Islands of Ireland: Coast is Clare in Co Mayo

Islands of Ireland: Coast is Clare in Co Mayo

A return visit is often much more informative than an initial foray. And Clare Island in Co Mayo is a place that demands repeated visits. And to do so in the literary company of an expert sheds much more light than previously fell.

A heavy wooden door opens to allow in a shaft of light. The nave of the church is blackly dark and almost nothing is visible. Gradually your eyes become accustomed to the darkness and reveal the treasure within. It is a scene more appropriate to Umberto Eco’s The Name of the Rose than a day trip to an island.

On the low vaulted ceiling, a medieval knight on horseback with sword drawn charges into battle. A griffon with splayed tail prepares to tear with its claws. The very air is charged with drama. These extraordinary Chaucerian scenes decorate the Cistercian church on the Island.

The history of the images is explored in a sumptuous new book by John Feehan simply titled Clare Island. There are other animals depicted though not as vividly as the dragon and horse — a hound chasing hares; a stag attacked by hounds, and among other depictions, an assortment of soldiers and a pair of wrestlers. Less than half of what was painted still remains.

“They are as startling when first you look upon them as the wild animals depicted on the walls of palaeolithic caves,” Feehan writes.

So much for the artistic treasures. The botanic are no less impressive. Feehan’s study is a broad examination of the island which was the testbed for a huge botanical study over 100 years ago by the naturalist’s naturalist, Robert Lloyd Praeger.

The Royal Irish Academy sent a team recently to evaluate the findings in the intervening period and the historic and contemporary studies combined to render “the natural and cultural history of the island in exceptional detail”. The surveys advanced from the theodolites and chains used by Lloyd Praeger to the satellites and planes used by contemporary botanists.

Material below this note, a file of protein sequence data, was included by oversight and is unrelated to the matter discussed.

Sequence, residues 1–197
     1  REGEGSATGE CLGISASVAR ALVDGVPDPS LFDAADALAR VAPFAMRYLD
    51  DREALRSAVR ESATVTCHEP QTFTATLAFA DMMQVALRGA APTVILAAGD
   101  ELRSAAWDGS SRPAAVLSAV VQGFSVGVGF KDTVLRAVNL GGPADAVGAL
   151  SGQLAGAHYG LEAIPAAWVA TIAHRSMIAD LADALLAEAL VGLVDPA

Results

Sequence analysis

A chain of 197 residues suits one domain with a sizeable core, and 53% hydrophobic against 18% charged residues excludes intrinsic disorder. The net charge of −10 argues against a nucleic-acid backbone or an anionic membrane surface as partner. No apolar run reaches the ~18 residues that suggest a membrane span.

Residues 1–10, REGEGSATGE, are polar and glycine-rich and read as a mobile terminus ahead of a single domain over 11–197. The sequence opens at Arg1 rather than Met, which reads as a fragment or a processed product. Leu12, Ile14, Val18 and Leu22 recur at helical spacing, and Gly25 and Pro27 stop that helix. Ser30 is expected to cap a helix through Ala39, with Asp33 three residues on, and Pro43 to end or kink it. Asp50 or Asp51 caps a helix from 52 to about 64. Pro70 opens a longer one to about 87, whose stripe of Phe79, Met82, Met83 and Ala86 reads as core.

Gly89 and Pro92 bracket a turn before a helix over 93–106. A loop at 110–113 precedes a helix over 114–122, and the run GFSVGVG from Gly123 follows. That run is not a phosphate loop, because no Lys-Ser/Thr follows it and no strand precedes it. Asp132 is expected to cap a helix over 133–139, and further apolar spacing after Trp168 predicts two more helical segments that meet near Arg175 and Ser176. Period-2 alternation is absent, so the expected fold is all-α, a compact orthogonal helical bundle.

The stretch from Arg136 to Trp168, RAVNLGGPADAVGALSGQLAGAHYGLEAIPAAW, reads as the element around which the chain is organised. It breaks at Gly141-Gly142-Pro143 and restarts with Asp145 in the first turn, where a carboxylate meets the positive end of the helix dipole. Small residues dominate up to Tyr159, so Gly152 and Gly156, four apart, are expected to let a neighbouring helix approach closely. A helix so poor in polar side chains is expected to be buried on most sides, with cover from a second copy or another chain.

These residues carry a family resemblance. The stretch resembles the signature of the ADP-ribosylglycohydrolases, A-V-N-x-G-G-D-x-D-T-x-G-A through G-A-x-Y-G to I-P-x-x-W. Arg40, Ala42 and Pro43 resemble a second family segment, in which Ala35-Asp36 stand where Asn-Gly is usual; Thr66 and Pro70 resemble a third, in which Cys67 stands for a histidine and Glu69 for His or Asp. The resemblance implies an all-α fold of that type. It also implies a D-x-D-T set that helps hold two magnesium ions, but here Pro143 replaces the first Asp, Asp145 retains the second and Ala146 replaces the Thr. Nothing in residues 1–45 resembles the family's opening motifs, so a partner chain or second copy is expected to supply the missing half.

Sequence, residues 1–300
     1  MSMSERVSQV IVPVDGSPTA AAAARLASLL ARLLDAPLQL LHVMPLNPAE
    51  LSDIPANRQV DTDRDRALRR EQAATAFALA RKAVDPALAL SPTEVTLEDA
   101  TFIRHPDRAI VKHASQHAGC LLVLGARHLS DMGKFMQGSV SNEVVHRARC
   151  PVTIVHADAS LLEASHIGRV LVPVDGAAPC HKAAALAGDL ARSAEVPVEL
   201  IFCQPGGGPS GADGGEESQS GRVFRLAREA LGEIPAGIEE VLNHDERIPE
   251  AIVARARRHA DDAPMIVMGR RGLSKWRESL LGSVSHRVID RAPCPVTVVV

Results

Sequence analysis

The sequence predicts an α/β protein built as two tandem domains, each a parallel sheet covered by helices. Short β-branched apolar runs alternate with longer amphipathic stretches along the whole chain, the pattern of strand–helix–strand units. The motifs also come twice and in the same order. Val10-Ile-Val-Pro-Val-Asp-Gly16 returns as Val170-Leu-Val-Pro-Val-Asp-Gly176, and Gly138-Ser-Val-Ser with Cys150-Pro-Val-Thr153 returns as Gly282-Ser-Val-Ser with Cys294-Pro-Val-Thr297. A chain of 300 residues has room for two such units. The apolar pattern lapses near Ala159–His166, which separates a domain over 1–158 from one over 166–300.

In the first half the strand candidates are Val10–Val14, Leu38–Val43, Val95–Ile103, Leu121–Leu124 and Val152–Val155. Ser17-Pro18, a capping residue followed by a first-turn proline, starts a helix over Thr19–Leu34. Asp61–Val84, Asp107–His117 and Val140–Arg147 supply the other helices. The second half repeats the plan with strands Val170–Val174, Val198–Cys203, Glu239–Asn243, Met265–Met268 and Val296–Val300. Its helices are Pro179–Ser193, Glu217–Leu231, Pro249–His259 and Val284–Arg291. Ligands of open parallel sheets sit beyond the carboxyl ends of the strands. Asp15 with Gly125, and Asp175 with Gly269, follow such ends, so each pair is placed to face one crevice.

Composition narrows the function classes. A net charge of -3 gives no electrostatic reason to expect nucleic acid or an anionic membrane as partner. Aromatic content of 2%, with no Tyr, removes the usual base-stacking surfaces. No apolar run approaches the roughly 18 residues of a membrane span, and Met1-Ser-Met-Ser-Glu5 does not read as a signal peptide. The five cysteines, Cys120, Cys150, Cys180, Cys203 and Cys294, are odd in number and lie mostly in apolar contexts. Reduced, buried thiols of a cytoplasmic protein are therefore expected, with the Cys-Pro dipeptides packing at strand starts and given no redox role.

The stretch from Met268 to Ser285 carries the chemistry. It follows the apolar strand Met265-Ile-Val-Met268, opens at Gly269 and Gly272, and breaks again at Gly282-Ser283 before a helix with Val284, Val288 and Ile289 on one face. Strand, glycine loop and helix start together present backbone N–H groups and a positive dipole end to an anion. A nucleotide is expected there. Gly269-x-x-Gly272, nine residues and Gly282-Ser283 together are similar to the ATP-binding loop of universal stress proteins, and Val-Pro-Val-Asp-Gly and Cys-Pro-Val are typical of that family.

The term ‘leaving no stone unturned’ could have been coined for this book such is its meticulous attention to detail in what was effectively a living laboratory. Its sweep is all-inclusive: from its geologic formation to the grinding power of the glaciers and the types of soils deposited. Feehan dons his metaphorical wellies and delves into what seems like every mini-bay, rockpool, stream and lake; He brings his microscopic eye to the first inhabitants of the island, their ways of life and the structures they left behind them. There is a prodigious examination of medieval life before farming practices in the 19th and early 20th centuries are considered.

Clare Island is 5km off the coast of Mayo and sits at the entrance to the many-islanded Clew Bay. Feehan writes that most of the good land lies to the east of the summit of Knockmore at 473m. West of this hill the land is pretty barren and comes to an end at the ruins of a watchtower before next stop Newfoundland.

Feehan writes that “the geology of Clare Island is complex and enigmatic”. Rocks from various geologic eras are evident including the Silurian, Lower Carboniferous and Dalradian. The oldest rocks are metamorphic in the south of the island and include amphibolites and serpentinites

The maps in this book are as you would expect, lavish, and include the 1838 ‘Fair Plan of Clare Island’ Ordnance Survey map, William Bald’s rich 1830 map and the delightful toponymy of Nollaig Ó Muráile’s map of placenames which probably has the name of every headland, cove and field.

Clare Island has upwards of 1,000 identifiable animals — many on the hair’s breadth level such as the sea spider or the microscopic tardigrade stunningly captured here in magnification rendering it like a beached walrus.

According to naturalist and author Michael Viney: “Few places on Earth and none elsewhere in Ireland have yielded such a concentrated inventory of knowledge about the natural world.”

For Feehan, the island is indeed a magical place. “I fell under the spell of Clare Island many decades ago long before I ever set foot on the island,” he writes.

It’s not difficult to see why and this erudite study can not but inspire many to visit.

How to get there: www.omalleyferries.com; www.clareislandferry.com

Other: Clare Island, John Feehan, Royal Irish Academy, €40

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